8 Cottage Row, Lower Pacific Heights
$619,000
100 Walk Score

8 Cottage Row (above) is part of the historical Cottage Row district. Cottage Row itself is a little side street situated between Bush and Sutter and Fillmore/Webster. This condo is a 2BR/1BA with about 700 square feet. It has a decent-sized kitchen and bathroom, two discreet bedrooms and a living room. And let’s not forget the in-unit washer/dryer. Only drawback is that the unit is located on the ground level, which means people can walk by your windows and look into the unit on both the Cottage Row and Bush Street sides. (But there are ways to address that.) Constructed in 1885, the four-unit building doesn’t have a garage. But for God’s sake, you’re half a block from Fillmore Street and near a variety of bus lines to downtown. HOA dues are $400/month, but they’ll be going down to $300/month at the beginning of next year.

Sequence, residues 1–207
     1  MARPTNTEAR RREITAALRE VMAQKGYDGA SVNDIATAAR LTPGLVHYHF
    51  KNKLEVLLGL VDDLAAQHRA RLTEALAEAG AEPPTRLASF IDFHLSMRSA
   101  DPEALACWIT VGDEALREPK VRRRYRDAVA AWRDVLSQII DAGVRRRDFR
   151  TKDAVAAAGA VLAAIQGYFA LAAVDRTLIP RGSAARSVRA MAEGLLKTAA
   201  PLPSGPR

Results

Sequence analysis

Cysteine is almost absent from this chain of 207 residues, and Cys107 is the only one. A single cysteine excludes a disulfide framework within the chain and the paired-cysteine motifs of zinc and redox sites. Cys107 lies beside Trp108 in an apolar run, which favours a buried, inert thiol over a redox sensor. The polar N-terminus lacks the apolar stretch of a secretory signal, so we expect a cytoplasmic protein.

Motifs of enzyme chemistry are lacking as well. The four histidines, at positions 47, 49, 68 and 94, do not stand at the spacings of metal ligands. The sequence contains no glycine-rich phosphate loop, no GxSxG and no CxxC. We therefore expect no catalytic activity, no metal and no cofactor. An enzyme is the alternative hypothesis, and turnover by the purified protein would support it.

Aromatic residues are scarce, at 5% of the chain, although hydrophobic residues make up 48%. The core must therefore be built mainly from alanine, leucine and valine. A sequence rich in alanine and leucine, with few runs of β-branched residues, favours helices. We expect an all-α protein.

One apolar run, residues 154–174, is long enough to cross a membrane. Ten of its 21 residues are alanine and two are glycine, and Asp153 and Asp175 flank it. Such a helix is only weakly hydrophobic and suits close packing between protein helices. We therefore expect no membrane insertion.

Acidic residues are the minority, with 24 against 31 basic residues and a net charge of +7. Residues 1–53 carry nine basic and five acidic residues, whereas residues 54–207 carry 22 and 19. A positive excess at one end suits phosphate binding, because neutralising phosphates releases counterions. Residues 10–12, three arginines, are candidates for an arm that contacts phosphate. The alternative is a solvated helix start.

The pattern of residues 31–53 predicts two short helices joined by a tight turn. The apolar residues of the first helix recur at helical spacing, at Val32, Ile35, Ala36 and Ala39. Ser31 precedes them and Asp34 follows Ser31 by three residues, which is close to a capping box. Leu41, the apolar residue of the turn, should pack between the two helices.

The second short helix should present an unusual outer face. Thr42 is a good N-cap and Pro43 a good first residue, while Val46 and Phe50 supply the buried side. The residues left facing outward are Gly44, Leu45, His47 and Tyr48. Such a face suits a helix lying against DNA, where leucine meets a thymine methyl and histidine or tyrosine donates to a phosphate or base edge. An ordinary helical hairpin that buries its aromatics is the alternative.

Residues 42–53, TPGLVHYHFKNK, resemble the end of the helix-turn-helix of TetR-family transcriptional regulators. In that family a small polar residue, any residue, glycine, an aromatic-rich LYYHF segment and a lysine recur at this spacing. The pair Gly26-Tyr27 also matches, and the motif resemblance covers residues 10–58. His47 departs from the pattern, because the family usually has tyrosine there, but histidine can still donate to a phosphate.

368 Vallejo, Telegraph Hill
$999,999
98 Walk Score

Have a hankering for a small single-family home pied-a-terre near the waterfront, Bay Club, Ferry Building and Jackson Square? 368 Vallejo is a 900-square-foot 1BR/1.5BA slice of a property that may do the trick. Featuring an open-plan kitchen, laundry, and office area across two levels, the home also has a sheltered patio. It was rebuilt in 2005 and has a nice sense of style. No parking, but who needs a car when you can step outside your door and walk everywhere from one of San Francisco’s iconic neighborhoods?

Inventory Still Tight in SF Market

Buyers are still flooding the San Francisco market like there’s no tomorrow, snapping up properties within days and paying well over the list price to get the properties they want. That’s because demand is high, and supply is low. And sellers are benefitting hugely from these conditions.